Brqan isn’t high glycemic but is extremely insulinogenic. Scores very high on the insulin index. So it is only good for 2nd post wo meal
If you check out the 'ol insulin index wholemeal bread is almost as high on it as white bread, got a good few grams of fibre in too. Sweet corn is fairly high up if its canned, as the starch inside the protective fibre shell breaks down to sugar on processing. Ripe bananas also contain a fair amount of fibre but their starch also breaks down, however fruit generally is low GI not so much because of the fibre but due to fructose being a low GI sugar. It also tends to be very easily stored as fat (thats why beers eat fruit before winter. I bet you really wanted to know that).
John has stated about beans in P+F meals that it does seem to break the rule of massive eating food combinations but it’s okay because the combinations were laid out to help you understand that high carb meals containing a high fat content should be avoided. He also states that very high fiber, low glycemic foods, like beans, are sort of the exception to the rules as they barely raise blood sugar and blood insulin.
I also noticed about the High GI solid fiber cereal in the 1-2 hour postworkout meal. No answer for that but I have been using FiberOne with cottage cheese and strawberries.
I’m not sure exactly where I saw this, but I remember JMB giving SmartStart as an example of a high GI/high fiber cereal. However, upon inspection, I discovered some sketchy ingredients in this cereal (I beleive it was high fructose corn syrup, but it was a while ago that I checked, so I’m not positive.) Well, since this ingrediant was on the short list of things that I avoid at all costs, I took a trip over to Trader Joe’s to see what their cereal aisle had to offer. There I found a ceral called GreatGrains that seemed to fit the bill, so that became a fixture on my post-workout menu.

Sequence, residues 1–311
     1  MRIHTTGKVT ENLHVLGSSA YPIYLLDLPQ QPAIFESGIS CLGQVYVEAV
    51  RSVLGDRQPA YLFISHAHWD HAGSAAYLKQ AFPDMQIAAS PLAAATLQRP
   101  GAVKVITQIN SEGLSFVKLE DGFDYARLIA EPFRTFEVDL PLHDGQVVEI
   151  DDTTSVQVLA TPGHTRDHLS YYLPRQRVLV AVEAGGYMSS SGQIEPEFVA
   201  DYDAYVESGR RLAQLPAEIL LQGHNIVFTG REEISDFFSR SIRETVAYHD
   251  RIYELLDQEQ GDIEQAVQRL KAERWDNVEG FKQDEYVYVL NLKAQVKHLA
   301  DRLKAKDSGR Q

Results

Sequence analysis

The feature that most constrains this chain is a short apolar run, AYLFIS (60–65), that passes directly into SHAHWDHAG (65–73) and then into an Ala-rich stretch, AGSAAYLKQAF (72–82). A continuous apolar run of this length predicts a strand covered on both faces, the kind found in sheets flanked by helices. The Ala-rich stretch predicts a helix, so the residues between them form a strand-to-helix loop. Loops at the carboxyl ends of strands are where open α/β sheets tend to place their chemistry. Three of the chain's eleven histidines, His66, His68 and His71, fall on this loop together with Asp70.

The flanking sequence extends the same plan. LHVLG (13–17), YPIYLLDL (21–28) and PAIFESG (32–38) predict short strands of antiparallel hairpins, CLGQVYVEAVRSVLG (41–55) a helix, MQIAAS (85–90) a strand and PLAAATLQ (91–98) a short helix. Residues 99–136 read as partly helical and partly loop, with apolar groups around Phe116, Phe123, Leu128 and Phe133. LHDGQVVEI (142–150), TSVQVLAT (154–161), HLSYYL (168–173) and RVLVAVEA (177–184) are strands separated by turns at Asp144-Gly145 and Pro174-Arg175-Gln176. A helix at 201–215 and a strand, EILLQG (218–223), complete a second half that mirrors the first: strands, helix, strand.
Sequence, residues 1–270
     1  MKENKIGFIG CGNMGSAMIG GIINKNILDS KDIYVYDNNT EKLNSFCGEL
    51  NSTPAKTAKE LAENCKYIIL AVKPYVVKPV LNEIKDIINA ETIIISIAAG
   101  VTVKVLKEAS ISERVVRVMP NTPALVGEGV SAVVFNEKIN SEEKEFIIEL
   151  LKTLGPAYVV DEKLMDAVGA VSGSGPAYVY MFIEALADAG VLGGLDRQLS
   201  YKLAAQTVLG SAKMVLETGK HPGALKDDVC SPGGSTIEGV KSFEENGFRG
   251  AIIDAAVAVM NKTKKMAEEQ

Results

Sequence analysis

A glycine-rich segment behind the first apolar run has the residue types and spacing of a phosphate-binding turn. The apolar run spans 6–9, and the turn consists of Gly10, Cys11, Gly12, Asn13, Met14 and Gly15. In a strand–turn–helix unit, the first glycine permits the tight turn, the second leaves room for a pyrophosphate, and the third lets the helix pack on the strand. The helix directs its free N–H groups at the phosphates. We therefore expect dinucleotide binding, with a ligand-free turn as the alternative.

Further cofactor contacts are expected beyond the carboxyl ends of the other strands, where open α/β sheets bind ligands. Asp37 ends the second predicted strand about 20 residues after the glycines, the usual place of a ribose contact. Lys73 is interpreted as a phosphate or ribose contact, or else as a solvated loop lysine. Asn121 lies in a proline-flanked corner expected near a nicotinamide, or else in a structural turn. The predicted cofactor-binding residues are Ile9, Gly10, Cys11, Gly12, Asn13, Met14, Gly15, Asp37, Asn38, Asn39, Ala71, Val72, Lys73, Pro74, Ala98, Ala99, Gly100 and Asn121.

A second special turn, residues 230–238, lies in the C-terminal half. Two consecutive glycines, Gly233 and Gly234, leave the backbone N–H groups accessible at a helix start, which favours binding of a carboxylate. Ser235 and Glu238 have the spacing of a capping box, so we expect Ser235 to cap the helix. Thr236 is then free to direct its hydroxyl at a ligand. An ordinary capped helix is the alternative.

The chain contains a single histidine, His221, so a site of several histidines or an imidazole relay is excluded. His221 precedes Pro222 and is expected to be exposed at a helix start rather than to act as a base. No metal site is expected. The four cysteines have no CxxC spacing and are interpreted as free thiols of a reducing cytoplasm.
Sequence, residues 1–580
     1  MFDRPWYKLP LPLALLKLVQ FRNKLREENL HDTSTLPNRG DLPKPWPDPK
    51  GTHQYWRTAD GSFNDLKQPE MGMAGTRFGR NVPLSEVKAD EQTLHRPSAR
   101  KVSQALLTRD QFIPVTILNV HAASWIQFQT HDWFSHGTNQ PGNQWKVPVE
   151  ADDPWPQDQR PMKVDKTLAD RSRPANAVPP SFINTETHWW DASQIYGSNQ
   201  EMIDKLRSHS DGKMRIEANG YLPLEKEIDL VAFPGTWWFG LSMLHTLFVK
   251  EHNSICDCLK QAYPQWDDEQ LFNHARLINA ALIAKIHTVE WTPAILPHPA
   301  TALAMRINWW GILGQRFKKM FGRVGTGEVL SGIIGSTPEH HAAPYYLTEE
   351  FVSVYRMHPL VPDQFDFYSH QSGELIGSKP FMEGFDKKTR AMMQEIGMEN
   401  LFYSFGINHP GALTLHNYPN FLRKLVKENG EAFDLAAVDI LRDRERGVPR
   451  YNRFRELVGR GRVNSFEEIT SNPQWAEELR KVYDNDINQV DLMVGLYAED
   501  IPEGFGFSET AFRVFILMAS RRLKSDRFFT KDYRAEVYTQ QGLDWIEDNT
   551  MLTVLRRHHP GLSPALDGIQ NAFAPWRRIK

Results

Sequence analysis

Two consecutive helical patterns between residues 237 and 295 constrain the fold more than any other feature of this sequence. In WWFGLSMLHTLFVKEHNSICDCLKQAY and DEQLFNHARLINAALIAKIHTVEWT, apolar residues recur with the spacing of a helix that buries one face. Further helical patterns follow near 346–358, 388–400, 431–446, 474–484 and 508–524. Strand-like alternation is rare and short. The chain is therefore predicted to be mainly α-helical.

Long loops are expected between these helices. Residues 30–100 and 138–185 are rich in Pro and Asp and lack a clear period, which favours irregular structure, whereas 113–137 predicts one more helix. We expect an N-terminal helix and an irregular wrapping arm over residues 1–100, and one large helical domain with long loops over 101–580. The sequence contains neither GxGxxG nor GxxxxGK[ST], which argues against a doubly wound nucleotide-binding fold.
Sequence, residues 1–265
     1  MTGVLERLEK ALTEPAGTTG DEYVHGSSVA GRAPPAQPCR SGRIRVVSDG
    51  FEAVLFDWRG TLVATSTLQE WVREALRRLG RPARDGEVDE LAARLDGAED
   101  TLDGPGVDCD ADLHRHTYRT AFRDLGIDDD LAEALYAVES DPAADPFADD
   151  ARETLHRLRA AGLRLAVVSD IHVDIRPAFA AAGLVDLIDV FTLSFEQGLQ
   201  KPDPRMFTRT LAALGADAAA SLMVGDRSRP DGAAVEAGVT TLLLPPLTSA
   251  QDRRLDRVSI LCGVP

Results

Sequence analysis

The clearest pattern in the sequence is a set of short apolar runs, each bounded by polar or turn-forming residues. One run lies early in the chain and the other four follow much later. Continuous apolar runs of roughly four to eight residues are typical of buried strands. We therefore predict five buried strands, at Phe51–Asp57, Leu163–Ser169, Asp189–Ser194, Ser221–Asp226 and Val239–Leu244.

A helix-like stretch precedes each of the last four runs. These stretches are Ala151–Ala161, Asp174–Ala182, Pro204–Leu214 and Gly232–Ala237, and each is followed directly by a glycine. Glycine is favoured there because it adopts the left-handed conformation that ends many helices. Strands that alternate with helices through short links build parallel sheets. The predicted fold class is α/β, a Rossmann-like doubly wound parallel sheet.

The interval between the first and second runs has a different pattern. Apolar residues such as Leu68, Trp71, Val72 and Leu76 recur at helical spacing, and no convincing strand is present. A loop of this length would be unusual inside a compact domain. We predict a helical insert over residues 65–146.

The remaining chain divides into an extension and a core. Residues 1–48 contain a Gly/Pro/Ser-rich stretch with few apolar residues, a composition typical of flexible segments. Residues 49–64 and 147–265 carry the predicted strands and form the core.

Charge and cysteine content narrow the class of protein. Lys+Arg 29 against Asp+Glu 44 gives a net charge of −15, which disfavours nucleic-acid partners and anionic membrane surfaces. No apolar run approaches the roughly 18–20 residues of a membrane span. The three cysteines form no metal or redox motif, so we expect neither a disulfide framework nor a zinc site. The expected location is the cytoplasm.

My post-workout (post-Surge) meal has since evolved into: 1.5 cups GreatGrains cereal and 2.5 cups Frosted Cheerios doused in vanilla Classic Grow instead of milk. This is honestly the tastiest shit I can even imagine eating, and IMO makes the perfect post-workout meal. I highly recommend you guys check out this combo.
Beans, beans good for your heart, the more you eat the more you fart. Beans, beans the magical fruit, the more you eat the more you poot. The more you poot, the better you feel, so eat beans with every meal.
Im bringing this one back. I still think the high gi fiber thing is confusing.
so whats better, oatmeal? oatbran? fiber cereals like total?, or cereals like cornflakes?
I’ve been using oatmeal for quite sometime, and it seems to be working well.
I’m sure your goals effect this, but say if your bulking.
Poliquin said he used Cornflakes for "extremely underweight atheletes. Rice Krispies would be very similar.
An example of a high GI cereal would be “Smart Start” or “Corn Pops”. The fiber during this PW meal should not be a big concern. What you’re looking for here is the GI/sugar “spike”. Push/drive the carbs in quickly.
Fiber can be consumed during other P and C meals throughout the day.